This paint box and panel holder can be made inexpensively and relatively quickly.  However, you will need to use a table saw, hand saw, drill and electric sander.  Please be sure you follow all safety recommendations for these is much harder to paint if you cut off your hands.

You can buy this type of setup already made from James Coulter and I highly recommend you do so because he makes great product and you won't have to labor over it to save a few bucks.  I however, happen to enjoy woodworking and love to customize stuff to my needs so I made my own.  Remember the adage: Do as I say, not as I do.

Here is a photo of the finished palette box and panel holder:

To make this project as easy as possible I'm using two Blick brand cradled panels for the palette box; one becomes the mixing palette and the other is cut in half to become the side trays / lid.

In this case I used 11"x14" panels but 9"x12" would make a nice box too.

The panels are shown below...the one on the right is in its wrapping still and you are seeing the front surface.  The one on the left has been unwrapped and I'm showing the back side here.  Note, when I took this photo I had already applied a grey paint to the inside of the back which I will discuss more below.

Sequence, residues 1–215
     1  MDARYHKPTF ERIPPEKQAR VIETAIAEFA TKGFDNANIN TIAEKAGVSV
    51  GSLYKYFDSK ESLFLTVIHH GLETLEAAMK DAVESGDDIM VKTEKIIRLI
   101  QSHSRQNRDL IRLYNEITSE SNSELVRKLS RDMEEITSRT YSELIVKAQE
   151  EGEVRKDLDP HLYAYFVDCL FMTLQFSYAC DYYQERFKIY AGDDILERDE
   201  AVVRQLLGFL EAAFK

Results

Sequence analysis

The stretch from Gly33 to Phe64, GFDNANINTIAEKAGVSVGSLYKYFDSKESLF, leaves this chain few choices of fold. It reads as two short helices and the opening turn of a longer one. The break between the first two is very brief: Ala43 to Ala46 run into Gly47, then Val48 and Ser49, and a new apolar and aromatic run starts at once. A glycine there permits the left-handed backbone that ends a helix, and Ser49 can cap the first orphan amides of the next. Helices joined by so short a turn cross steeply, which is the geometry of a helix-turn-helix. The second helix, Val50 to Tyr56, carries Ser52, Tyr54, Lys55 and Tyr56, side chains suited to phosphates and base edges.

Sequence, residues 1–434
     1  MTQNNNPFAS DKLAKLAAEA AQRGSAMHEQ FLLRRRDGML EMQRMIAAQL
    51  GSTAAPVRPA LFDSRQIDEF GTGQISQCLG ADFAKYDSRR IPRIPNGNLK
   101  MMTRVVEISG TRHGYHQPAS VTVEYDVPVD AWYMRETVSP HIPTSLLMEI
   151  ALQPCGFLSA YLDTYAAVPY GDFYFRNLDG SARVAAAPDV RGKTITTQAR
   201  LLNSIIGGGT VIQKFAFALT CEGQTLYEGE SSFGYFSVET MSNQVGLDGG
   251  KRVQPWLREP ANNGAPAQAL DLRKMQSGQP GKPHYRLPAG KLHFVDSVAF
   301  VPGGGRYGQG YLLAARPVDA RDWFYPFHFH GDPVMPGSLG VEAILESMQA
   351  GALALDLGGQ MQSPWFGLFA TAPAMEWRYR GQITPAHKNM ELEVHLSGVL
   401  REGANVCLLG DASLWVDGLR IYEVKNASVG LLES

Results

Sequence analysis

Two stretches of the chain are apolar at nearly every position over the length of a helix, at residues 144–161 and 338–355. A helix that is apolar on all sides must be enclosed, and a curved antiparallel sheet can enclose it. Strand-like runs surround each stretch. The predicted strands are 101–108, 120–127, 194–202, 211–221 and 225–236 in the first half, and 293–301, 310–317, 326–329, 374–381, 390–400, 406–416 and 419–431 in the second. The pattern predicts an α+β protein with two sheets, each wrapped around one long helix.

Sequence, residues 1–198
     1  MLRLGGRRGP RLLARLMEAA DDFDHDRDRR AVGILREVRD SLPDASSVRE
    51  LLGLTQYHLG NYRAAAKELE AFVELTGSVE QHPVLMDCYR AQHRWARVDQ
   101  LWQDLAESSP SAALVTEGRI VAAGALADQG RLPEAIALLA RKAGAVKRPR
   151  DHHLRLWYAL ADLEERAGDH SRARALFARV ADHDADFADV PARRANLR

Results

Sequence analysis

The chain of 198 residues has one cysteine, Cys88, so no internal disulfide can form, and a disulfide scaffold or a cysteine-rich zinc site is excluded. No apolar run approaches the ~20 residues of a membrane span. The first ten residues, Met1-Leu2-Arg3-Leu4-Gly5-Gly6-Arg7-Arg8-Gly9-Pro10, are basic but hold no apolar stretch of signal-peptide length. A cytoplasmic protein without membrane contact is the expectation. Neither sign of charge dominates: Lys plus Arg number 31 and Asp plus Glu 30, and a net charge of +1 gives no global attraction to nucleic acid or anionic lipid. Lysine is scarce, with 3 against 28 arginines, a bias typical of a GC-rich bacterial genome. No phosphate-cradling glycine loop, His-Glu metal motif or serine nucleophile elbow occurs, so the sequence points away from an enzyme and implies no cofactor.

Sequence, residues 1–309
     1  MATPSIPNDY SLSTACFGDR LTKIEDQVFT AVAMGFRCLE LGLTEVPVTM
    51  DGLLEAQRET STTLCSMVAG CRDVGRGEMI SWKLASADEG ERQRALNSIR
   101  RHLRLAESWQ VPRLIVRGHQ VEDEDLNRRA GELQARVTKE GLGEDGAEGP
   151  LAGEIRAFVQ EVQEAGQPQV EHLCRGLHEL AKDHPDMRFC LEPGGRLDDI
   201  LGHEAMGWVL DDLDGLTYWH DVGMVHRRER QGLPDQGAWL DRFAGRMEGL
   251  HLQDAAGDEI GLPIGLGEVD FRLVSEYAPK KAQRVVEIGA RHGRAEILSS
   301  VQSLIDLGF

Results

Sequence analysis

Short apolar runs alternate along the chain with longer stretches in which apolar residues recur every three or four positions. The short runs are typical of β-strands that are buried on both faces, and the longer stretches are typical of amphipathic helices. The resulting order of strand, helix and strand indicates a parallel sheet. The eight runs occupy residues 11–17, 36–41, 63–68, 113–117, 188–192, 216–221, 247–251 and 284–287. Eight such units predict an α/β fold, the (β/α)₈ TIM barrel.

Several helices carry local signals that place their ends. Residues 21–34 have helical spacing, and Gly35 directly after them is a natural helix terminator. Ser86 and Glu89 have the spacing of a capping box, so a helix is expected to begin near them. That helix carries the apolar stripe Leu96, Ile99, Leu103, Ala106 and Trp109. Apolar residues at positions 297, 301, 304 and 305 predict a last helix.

Cutting your panel
Take one of the panels and measure out and mark a point exactly half way along the long edge.  (14" long panel, so 7" is the midpoint - you're welcome.)  Cut this one panel in half at the midpoint mark you made.  You can use a handsaw but the table saw will give a precise cut.
The one panel after being cut in half

The photo below shows how the two halves will be oriented on either side of the second panel.  The second panel is NOT cut in half since it becomes the center of your palette box.  The backside of this panel becomes the palette where you will squirt out your colors and mix paint while painting.

One note: when you cut the first panel in half, if you used a table saw, the blade removed 1/8" of wood.  So, when you put the two halves back together they now measure approximately 13 7/8".  You will need to trim 1/8" of an inch off of the outside short edge of the remaining panel so it measures      11"x13 7/8".  That will make this bottom palette the same size as the two halves put together since they will become the lid to the palette when closed.  Sorry if that's confusing :-(